PEBOAN AND SEEGWUN by Charles Larry

PEBOAN AND SEEGWUN

by & illustrated by
Age Range: 6 - 10
Email this review

KIRKUS REVIEW

 An Anishinabe (Ojibwa) riddle/myth about the turning seasons. An old man invites a young visitor to sit in his wintry lodge. After the two exchange boasts (old man: ``When I blow my breath, streams stand still...''; young man: ``I breathe, and flowers spring up everywhere''), it is seen that the old man is ``Peboan'' (winter) while the other is ``Seegwun'' (spring). Peboan melts away (in the author's odd phrase, he ``grew less and less''), leaving only an early-blooming flower. Larry's first book is written in a formal, ornate style (``My breath unlocks the streams, which fill the air with musical laughter'') that carries over to his paintings; small, dignified figures go about their daily pre- European lives in big Northern landscapes rendered in exquisite colors, with sharp, careful detail. The story appears in several other collections, but these illustrations add a sense of place--as well as a light dose of cultural information. Afterword. (Folklore/Picture book. 6-10)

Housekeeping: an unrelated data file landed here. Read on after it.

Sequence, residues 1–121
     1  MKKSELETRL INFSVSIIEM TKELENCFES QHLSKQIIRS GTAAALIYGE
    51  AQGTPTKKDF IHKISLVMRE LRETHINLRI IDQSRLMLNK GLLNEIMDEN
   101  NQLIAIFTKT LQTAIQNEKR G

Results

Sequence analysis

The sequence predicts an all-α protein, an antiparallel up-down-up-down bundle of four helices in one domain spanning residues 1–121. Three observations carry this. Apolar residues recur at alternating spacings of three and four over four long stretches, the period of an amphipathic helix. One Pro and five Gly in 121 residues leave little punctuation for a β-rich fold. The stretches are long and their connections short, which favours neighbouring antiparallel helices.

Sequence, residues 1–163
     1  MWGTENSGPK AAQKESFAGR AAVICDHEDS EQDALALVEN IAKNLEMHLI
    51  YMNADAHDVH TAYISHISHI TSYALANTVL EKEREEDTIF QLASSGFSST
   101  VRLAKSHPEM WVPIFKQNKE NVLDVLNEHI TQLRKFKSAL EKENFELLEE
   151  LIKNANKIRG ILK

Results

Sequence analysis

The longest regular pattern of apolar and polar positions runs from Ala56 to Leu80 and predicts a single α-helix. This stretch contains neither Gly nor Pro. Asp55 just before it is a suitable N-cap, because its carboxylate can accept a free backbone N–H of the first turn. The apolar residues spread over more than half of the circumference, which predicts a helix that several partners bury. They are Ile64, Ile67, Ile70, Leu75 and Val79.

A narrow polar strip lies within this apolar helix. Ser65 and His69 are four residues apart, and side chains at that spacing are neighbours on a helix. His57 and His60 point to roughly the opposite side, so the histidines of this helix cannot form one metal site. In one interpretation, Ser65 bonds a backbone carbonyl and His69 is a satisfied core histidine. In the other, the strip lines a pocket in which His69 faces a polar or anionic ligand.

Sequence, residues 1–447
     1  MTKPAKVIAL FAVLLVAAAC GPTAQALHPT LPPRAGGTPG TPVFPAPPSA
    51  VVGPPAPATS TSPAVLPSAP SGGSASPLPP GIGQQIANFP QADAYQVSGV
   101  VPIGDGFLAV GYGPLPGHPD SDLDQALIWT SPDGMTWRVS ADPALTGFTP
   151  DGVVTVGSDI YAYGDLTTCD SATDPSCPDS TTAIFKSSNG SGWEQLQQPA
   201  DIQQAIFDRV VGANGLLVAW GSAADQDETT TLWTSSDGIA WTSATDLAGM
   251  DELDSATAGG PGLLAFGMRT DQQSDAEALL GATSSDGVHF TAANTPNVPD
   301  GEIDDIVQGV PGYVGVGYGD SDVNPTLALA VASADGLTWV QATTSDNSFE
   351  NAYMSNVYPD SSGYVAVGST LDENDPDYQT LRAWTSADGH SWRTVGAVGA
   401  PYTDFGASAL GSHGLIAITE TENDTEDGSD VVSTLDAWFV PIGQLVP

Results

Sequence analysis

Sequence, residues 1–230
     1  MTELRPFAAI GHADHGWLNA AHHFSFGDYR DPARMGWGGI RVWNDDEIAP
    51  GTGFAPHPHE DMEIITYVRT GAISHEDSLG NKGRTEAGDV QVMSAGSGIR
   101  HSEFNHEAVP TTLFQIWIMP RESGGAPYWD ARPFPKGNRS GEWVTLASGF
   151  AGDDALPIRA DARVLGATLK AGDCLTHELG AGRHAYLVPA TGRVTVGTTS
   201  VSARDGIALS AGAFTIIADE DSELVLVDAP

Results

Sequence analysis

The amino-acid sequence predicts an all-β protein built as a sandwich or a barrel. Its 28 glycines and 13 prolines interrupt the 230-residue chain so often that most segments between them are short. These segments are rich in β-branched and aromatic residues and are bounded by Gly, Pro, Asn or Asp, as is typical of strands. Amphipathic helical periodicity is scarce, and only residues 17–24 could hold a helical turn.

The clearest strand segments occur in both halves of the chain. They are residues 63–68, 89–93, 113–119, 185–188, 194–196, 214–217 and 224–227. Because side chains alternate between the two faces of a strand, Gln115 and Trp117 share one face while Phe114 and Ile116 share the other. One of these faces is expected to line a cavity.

Pub Date: Oct. 20th, 1993
ISBN: 0-374-35773-0
Page count: 32pp
Publisher: Farrar, Straus and Giroux
Review Posted Online:
Kirkus Reviews Issue: Oct. 15th, 1993